Section 1244 Stock Definition, Qualification Rules

What Is Section 1244 Stock?

Section 1244 stock refers to the tax treatment of restricted stock by the IRS. Section 1244 of the tax code allows losses from the sale of shares of small, domestic corporations to be deducted as ordinary losses instead of as capital losses up to a maximum of $50,000 for individual tax returns or $100,000 for joint returns.

Key Takeaways

  • Section 1244 stock refers to the tax treatment of qualified restricted shares.
  • Section 1244 stock allows firms to report certain capital losses as ordinary losses for tax purposes.
  • This lets new or smaller companies take advantage of lower effective tax rates and increased deductions.

Understanding Section 1244 Stock

Startups and small businesses are risky endeavors. Section 1244 provides an important benefit by allowing certain capital losses to be treated as ordinary losses. Ordinary losses are fully deductible in the year of the loss rather than being subject to an annual limit.

Moreover, ordinary losses are not offset by capital gains. This means that firms can still enjoy the lower tax rate associated with capital gains which may have otherwise been netted out against a capital loss. At the same time, ordinary taxable income can be netted by ordinary losses, which reduces taxable income.

Any loss that qualifies as an ordinary loss under Section 1244 is also classified as a trade or business loss in computing an individual’s net operating loss (NOL). Therefore, Section 1244 losses are allowed for NOL purposes without being limited by non-business income.

Qualifying for Section 1244 Stock

To qualify for section 1244 treatment, the corporation, the stock, and the shareholders must meet certain requirements:

  • The stock must be issued by U.S. corporations and can be either a common or preferred stock. However, if the shares in question were issued before July 19, 1984, only common stock qualifies.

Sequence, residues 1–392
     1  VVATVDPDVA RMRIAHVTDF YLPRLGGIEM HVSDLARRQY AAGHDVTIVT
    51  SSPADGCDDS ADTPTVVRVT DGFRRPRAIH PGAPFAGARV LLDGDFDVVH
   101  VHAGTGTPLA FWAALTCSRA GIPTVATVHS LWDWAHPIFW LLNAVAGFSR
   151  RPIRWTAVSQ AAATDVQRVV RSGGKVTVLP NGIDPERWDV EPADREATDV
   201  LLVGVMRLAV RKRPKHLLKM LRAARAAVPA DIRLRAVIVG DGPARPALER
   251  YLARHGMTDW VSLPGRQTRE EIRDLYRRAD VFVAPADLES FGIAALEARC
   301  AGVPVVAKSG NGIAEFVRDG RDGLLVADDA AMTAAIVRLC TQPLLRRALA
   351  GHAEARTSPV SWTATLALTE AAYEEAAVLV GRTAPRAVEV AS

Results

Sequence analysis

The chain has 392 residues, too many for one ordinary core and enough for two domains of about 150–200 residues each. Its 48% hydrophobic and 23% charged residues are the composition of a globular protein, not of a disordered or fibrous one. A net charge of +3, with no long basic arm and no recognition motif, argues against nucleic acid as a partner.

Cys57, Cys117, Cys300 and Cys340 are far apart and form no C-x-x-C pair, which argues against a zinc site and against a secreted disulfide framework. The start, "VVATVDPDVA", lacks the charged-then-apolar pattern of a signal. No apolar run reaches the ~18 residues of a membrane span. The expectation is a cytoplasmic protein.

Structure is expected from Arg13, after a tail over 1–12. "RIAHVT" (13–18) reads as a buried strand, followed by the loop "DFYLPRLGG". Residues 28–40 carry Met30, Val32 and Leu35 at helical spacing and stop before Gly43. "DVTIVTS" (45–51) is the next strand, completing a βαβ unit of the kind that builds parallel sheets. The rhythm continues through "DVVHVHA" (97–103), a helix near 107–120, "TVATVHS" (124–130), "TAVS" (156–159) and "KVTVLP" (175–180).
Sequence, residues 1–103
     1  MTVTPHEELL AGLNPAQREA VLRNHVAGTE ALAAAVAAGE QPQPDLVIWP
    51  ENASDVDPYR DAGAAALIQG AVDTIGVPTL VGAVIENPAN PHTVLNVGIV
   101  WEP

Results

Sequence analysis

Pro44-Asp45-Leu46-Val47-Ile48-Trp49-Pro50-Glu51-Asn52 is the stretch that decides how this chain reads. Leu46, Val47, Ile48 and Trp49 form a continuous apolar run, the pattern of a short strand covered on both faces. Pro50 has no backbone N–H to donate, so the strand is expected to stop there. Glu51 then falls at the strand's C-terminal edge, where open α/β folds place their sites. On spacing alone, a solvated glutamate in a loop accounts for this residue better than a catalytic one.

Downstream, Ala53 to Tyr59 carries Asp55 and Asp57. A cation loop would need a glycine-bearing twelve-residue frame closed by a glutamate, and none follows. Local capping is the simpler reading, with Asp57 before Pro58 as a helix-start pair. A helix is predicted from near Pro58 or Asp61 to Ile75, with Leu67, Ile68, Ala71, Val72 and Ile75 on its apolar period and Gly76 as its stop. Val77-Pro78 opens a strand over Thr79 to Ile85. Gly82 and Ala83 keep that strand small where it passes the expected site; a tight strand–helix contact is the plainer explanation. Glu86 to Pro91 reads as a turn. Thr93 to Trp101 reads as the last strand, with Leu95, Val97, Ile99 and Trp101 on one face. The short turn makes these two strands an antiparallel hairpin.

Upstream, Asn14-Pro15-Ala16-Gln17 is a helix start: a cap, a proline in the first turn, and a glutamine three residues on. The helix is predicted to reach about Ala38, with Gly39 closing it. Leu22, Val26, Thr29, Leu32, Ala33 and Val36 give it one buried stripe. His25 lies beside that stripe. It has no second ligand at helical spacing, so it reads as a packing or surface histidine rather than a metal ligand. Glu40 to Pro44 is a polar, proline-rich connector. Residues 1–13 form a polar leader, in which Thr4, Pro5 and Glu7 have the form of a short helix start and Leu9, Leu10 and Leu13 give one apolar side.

• The corporation's aggregate capital must not have exceeded $1 million when the stock was issued and the corporation cannot derive more than 50% of its income from passive investments.
  • The shareholder must have purchased the stock and not received it as compensation.
  • Only individual shareholders who purchase the stock directly from the company qualify for the special tax treatment.
  • A majority of the corporation's revenues must come directly from operations. In other words, most income cannot be attributed to interest, dividends, and royalties. To have this exception apply (i.e., it must be run as an operating company.)
  • Shares must be held continually since the date the stock was issued and not exchanged in the market or through private transactions.

Exclusion of Section 1244

Section 1244 does not apply to any contributions made after the initial shares are issued. However, later contributions can qualify if the investor receives shares that were authorized, but not issued. Section 1244 stock should be issued pursuant to a written corporate resolution. A loss can be claimed by individual shareholders as a Section 1244 stock loss on Form 4797, Sales of Business Property, and must be filed with the shareholder's individual income tax return.

Correction, Dec. 9, 2021: The year of the Section 1244 exemption was incorrectly identified in a previous version of this article.

Article Sources
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  1. Internal Revenue Service. "2018 Instructions for Schedule D," Page 8. Accessed Dec. 8, 2019.

  2. United States Government. "U.S. Code 1244," Page 1. Accessed Dec. 8, 2019.

  3. United States Government. "U.S. Code 1244," Page 2. Accessed Dec. 8, 2019.

  4. Internal Revenue Service. "About Form 4797, Sales of Business Property," Accessed Dec. 8, 2019.

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